Ade’s Fast Track: From Obscurity to London

Former Husker Ade Dagunduro helped Nigeria qualify for the 2012 Olympics.

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By Randy York

Yes, Ade Dagunduro (pronounced ah-DAY dah-gun-der-oh) took the fast track from relative obscurity to the Olympic Summer Games in London, but it didn’t take long for the former Husker basketball guard to glean some national attention from his recent heroics in Caracas. “Odd Olympic stat is Nebraska will have two former Husker hoop players in London with Ade Dagunduro (Nigeria) and Aleks Maric (Australia),” tweeted Andy Katz, a senior college basketball writer for ESPN.com and a regular sports analyst on ESPN’s College GameNIght. Nebraska Coach Tim Miles had some fun with Katz. “Not odd AK, just the beginning!!! Go Big Red and Congrats to Ade and Aleks,” Miles tweeted. Katz then acknowledged Miles’ tweet and told his 188,583 followers on ESPN that Miles said “this won’t be an anomaly.”

Count me among those pulling for Nigeria to qualify for its first ever Olympic basketball tournament after Dagunduro joined the effort just before its amazing run that included wins over two of the world’s top five-ranked men’s basketball teams – Lithuania and Greece. Nigeria then beat the Dominican Republic Sunday night to qualify for the Olympics. I enjoyed watching Dagunduro. He was a caring, compassionate, vocal leader at Nebraska. I remember him being all about his roots in Nigeria, yet still talking about people who were born and raised in Inglewood, Calif., like he was.

"I just want fans to remember me as a competitor," Ade told me before his last home game as a Husker in 2009. "I tried as hard as I could – on and off the court – to represent my heavenly father, my family, my coaches and my teammates." Ask any Husker teammate or coach, and they will tell you that Dagunduro succeeded on all fronts. “I look up to him like he’s my older brother,” fellow senior Paul Velander said, adding that Ade is a hard worker, a spiritual person and a competitor who loves his family so much that he talked to his brother (former Husker defensive lineman Ola Dagunduro) almost every day. “If Ade respects you, he’ll do almost anything for you,” then fellow senior Nick Krenk said. “He’s amazing to be around, and I’m proud to call him one of my very best friends.”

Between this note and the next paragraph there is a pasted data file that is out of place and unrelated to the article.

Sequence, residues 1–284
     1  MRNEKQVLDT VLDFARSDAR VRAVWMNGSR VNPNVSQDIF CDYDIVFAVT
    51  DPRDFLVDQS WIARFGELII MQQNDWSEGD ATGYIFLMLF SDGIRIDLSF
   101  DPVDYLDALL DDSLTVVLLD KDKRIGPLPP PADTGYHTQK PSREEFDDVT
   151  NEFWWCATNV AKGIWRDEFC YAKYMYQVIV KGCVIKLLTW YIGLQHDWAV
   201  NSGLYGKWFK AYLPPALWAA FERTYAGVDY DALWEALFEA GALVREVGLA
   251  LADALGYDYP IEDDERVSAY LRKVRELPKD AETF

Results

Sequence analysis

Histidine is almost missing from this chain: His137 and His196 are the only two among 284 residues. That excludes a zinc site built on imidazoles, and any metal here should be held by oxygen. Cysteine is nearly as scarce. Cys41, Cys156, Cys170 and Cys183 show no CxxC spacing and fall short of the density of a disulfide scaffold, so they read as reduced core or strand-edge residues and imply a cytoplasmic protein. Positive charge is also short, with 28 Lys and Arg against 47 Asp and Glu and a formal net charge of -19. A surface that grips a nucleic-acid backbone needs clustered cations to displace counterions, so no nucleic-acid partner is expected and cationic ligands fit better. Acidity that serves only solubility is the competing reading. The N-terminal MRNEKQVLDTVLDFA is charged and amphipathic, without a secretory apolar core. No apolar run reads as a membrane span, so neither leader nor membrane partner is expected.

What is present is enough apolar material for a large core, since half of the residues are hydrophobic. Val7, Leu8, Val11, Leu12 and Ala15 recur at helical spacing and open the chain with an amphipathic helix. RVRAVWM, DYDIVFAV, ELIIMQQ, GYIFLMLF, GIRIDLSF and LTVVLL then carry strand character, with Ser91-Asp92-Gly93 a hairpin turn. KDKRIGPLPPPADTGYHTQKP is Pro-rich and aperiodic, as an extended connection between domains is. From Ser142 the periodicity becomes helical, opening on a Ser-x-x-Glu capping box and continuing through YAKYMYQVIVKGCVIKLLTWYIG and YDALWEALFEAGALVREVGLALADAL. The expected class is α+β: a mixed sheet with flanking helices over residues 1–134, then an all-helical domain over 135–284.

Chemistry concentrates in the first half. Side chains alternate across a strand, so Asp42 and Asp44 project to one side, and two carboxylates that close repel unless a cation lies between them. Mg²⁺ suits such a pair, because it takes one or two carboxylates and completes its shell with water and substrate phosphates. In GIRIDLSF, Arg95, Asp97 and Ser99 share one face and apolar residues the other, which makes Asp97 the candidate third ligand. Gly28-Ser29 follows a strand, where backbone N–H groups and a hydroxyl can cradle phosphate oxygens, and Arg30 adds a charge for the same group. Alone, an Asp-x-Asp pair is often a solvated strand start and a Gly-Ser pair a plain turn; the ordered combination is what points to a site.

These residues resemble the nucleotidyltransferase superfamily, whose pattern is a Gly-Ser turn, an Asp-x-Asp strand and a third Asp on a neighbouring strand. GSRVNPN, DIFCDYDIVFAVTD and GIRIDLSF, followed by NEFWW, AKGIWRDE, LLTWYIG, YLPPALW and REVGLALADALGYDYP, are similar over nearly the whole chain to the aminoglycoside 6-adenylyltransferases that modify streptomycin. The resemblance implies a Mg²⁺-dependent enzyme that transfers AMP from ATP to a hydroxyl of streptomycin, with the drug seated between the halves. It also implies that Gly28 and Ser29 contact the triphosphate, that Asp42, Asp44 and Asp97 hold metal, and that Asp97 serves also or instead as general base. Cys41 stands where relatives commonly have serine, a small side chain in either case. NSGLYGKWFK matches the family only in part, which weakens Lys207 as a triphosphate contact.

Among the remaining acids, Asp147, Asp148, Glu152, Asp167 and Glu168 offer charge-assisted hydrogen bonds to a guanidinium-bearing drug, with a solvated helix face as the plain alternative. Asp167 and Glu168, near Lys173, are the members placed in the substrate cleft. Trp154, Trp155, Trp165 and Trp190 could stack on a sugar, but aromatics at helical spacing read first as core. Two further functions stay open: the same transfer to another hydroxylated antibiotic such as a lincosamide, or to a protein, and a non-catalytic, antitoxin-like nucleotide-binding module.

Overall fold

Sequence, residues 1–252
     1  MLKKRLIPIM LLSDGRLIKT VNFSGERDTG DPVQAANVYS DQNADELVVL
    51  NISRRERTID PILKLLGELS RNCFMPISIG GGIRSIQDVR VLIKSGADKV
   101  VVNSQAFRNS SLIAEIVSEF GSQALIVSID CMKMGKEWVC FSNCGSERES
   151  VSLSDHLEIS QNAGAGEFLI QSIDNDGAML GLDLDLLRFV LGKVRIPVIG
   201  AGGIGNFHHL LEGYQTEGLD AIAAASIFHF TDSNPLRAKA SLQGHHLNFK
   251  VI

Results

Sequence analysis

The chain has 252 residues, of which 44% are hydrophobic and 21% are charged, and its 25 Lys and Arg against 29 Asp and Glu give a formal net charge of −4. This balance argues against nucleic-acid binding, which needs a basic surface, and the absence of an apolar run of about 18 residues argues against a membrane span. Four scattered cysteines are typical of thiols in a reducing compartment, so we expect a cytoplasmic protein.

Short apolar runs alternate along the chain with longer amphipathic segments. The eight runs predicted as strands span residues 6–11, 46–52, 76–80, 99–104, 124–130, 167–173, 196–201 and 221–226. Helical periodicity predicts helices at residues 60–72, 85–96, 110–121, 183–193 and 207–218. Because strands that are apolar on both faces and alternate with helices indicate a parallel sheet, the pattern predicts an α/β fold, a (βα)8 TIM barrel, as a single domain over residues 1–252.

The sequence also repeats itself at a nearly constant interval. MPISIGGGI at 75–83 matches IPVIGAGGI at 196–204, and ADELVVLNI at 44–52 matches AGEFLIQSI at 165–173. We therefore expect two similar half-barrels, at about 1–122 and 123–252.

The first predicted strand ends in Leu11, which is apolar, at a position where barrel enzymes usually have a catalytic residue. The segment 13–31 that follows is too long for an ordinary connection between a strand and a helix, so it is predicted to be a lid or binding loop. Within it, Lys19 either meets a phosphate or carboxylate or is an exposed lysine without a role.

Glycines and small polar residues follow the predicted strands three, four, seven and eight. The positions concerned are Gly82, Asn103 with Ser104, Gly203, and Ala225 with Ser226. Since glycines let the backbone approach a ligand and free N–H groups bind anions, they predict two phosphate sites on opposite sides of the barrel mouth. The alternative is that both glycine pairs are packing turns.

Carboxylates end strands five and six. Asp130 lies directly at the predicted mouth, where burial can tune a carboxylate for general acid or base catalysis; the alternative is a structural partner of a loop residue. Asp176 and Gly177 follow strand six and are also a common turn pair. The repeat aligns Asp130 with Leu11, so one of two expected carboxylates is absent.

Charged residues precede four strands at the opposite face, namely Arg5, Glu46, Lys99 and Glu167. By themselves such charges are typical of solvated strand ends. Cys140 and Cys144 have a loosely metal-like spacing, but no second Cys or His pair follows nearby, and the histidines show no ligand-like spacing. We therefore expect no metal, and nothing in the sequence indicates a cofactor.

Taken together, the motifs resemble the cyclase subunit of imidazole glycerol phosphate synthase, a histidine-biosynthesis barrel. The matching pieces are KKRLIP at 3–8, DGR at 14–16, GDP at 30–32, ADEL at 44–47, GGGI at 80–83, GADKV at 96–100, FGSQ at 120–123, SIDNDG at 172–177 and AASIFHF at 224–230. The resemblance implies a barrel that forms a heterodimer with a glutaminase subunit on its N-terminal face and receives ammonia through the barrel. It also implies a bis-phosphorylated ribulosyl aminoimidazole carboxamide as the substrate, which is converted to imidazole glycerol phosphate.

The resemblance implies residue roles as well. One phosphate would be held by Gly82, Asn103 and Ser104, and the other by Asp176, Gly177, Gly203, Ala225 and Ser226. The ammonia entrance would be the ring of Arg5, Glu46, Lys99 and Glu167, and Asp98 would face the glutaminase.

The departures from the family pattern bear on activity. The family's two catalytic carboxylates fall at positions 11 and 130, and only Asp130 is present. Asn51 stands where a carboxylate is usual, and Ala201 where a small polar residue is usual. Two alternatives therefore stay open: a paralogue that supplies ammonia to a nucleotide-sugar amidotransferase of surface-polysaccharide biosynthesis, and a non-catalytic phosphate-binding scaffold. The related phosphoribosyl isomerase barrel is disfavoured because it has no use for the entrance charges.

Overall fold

Dagunduro must have been a catalyst for the history-making Nigerian team, using the same attitude he exemplified at Nebraska. “We’re a group, and no one deserves any more recognition than anyone else,” he said of Krenk, who walked on and played sparingly. “Nick is my brother for life. He’s the ultimate competitor. The way he gives himself up in practice is something to see – unbelievable really. I’ve never seen anyone give so much to help someone else get better. It’s a tribute to his character and a testament to his family.”

I remember Ade playing hard on both ends of the floor and making third-team All-Big 12. I remember him scoring 24 points on 10-of-16 shooting in a game against Kansas when the Huskers trailed by only one point in the final 30 seconds. I remember him going 5-of-6 from the field and 10-of-10 at the line in a road win at Texas Tech. I remember him beating Creighton with the game-winner with only 2.7 seconds remaining.

There have been so many fond memories, but my favorite was beating Oregon at the Qwest Center my junior year because no one expected us to win,” Dagunduro recalled. “Oregon came in ranked 15th in the nation, and our fans traveled through all that snow to get to Omaha. It was the first time our fans rushed the court, just like they did for the Texas game on Jack Moore Day. That was great, too. Our fans are so great, and I’m so glad I came to Nebraska. It was the perfect choice for me. I love the atmosphere and how much a player can grow here. When you can mesh with the coaches and play as hard as we do, it’s only a matter of time before we become as well known in basketball as we are in football.”

This is simply a guess, but I’m betting Tim Miles would agree with Dagunduro on that one, too.

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